Therefore, in support of Andy's devious ways, I vote for "Timtrick". Only we need to work on shortening and altering the term 'till it's completely unrecognizable as having anything to do with a gaming technique at all. Or to do with gaming for that matter.

    Oh, I know. Let's call it "TMWT". And, next year, we can argue if it stands for "Tim's Mountain Witch Technique" or "The Mountain Witch Trick".

    Awesome.
  • Posted By: VaxalonI would like to see this thread bookmarked when people complain about jargon, as an example of both a widely agreed need for the jargon term and the difficulty in finding a good one.
    Actually, I see it as a case of gamers striving to apply a jargonesque title to everything they encounter, rather than proof that such is needed.

    I think it's a good technique to use in roleplaying games. I don't agree that all techniques need to be boiled down to a single jargon term.
  • Fishing and prompting still win out as the least-jargonny summarizations of what's going on in a single word. :)
  • I like prompting.

    Either that or teh Kleinart eFfect

    With the necessary punctuation. Abbreviated KF.

    Because we should either be transparent or funny.

    yrs--
    --Ben
  • oh, but prompting is also just a "regular" word usable in gaming, as in "what do you do next?"
    person A is "prompting" person B.
    so, if my cents are valued, i'm more for something-not-a-single-english-(etc)-word,-but-maybe-a-phrase-or-something.
    and, fresh from the other recent jargon post, i wanna chip in
    'but, hey, i really LIKE the term "the impossible thing before breakfast" "
    not that it would save on printing costs at all...
    ...if i were printing the internet...

    so, in ben's duality, i'm voting funny, because "transparancy ain't what it used to be" -yogi berra
  • edited May 2007
    I think prompting is inching ahead for the win, at least that's what I'm going to be writing into TBZ's GM Tricks section.

    Fred's four up there are interesting in the "technical designer tools" style, but I think that "prompting" is the slickest and easiest to understand from hearing it on the player/GM side of the barn.

    -Andy

    Oh, wait, that was Graham's term? Fuck that, then. :-)

    "Marvelous Proactive Collaborative Creation Prana"

    EDIT: Ohhh, how about "Narrativisationism"? That should be pretty straightforward and not loaded with meaning.
  • "That thing, you know, like in that game Tim Somebody did, with the samurai and shit... with the filling in the details... That thing."

    That ought to do it.
  • Creatively undertaking narrative transferrence.
  • I would have called it "soliciting player input," but shit, prompting works.
  • Aggressive player immersion.
  • I like provoking. You provoke a thought, you provoke a response. It's got more emotional weight to it than prompting, but a similar general meaning.
  • Dude, there is totally a name for this in Impro. But I can't remember what it is. It must be on some Impro websites.
  • I have *no* clue what this is called elsewhere. But it's good, and thanks for drawing attention to it.
  • Posted By: James_NostackDude, there is totally a name for this in Impro. But I can't remember what it is. It must be on some Impro websites.
    Provoking makes sense to me.

    Barring that, I'd go with the Kleinert Five Venom Collaborative Witch Fist.

    Clinton, why the Eliza Method?
  • edited May 2007
    Posted By: Juddwhy the Eliza Method?
    Because of the famous 'eliza' program by Joseph Weizenbaum, which does keep reflecting stuff back at you wrapped up in a question (a method of Rogerian psychoanalysis).

    A freely available implementation of an eliza-like system is alice bot.

    In the book where Weizenbaum tells about his development of Eliza there's this anecdote about his secretary being set up that Mr. Weizenbaum wanted to read the logs of her "sessions" with Eliza to see how well or bad the program worked. Obviously, it worked well enough (for the small domain Eliza could handle - reflecting back) to entice the secretary to tell the system very private stuff.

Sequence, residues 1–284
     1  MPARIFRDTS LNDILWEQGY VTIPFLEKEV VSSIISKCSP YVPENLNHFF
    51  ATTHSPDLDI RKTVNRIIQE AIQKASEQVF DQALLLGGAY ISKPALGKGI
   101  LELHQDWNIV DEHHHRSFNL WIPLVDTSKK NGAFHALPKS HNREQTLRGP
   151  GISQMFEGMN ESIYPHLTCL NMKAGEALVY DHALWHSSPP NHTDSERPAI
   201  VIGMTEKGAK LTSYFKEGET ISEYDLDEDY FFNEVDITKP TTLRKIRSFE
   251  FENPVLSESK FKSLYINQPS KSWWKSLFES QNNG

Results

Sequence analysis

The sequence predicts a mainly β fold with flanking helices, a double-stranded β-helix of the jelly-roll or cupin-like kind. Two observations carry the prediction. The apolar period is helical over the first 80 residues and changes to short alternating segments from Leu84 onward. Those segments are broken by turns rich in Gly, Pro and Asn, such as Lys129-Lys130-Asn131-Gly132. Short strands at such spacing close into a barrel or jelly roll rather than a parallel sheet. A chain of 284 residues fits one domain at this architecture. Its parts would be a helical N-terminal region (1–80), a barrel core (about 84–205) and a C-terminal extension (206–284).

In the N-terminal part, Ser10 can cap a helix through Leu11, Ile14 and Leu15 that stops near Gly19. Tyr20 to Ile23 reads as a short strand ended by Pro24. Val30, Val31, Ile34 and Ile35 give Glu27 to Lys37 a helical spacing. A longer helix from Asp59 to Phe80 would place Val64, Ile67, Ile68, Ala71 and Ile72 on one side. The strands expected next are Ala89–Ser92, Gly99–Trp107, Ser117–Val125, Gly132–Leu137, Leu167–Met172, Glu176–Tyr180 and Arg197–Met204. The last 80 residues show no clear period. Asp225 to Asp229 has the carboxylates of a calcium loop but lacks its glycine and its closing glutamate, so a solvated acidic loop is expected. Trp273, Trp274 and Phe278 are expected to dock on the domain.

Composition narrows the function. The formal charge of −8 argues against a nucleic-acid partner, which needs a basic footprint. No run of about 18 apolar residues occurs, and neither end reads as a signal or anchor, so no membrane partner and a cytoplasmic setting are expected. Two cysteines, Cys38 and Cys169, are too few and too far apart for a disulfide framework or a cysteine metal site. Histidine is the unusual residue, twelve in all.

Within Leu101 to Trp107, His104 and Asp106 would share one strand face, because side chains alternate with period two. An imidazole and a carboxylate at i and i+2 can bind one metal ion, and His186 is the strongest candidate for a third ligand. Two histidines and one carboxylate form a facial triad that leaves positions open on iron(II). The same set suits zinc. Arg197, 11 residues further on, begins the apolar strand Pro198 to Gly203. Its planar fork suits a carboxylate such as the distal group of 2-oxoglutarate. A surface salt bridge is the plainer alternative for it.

• I would call it 'eliciting'. That's just the closest word I have for what it is.
  • Posted By: Dave HallettI would call it 'eliciting'.
    Eliziting?
  • Posted By: Mr. TeapotPosted By: Dave HallettI would call it 'eliciting'.
    Eliziting?
    (grins)

    Amusing, but I was trying to stick to English as she is spoke...
  • I'd also go with the "ELIZA effect". This is a real term in computer science. There, it means something slightly different (because computers don't actually have minds, and the people you game with hopefully do), but I think it works here well enough.
  • As Iago observed in another thread, giving it a name which is a word in common usage - that is, appropriating that word and giving it a specialized technical meaning in a certain context - is potentially more confusing than giving it a unique name that is obviously a technical term.

    Even if it isn't instantly obvious what that term means.

    Because it's not instantly obvious what the common term means, either - you still have to explain, and if people are confused by the common usage it's harder for them to listen to your explanation.
  • What's being described is very close to being an Offer in improv terminology. It's been my strongest technique since I fell into doing it in a Cyberpunk 2020 campaign in the late 80s and had amazing results; the group grew from 3 players to two groups of 7-8 players each on word of mouth. Except then I called it, "man-we-have-been-gaming-and-blue-booking-for-eight-hours-and-I-can't-think-anymore-why-don't-you-tell-me?"
  • Ooh, Offer is good too.
  • I'd call "The Mountain Witch Trick" passing the fiat since the GM is temporarily passing that authority to another player - in a way limited by the scope of the question.
  • edited May 2007
    Oooh, hold on, again.

    Matthew's right to suggest the term offer to describe this. But it's not "offer" as in "offering" it to the players.

    An offer in improv is any addition to the scene that other players can build on. Roughly translated into game terms, an offer would be anything added to the shared fiction for players to build on:

    GM: There's a mural on the wall, depicting people dying in battle.

    Now, there's another improv concept: the blind offer. In a blind offer, you add something to the scene, but you only partially define it, leaving it to someone else to define.

    Translated into game terms, it's pretty much what Andy suggests...

    GM [makes blind offer]: There's a mural on the wall. The paintings on it are disturbing.
    Player [defines blind offer]: Yeah, they're scenes of people dying in battle.


    Except, in Andy's original post, the GM is framing part of the blind offer as a question. But that's fine. It's still a blind offer.

    Graham
  • 'prompting' is awesome, and something like 'cueing' or 'cued input' would work in the same vein.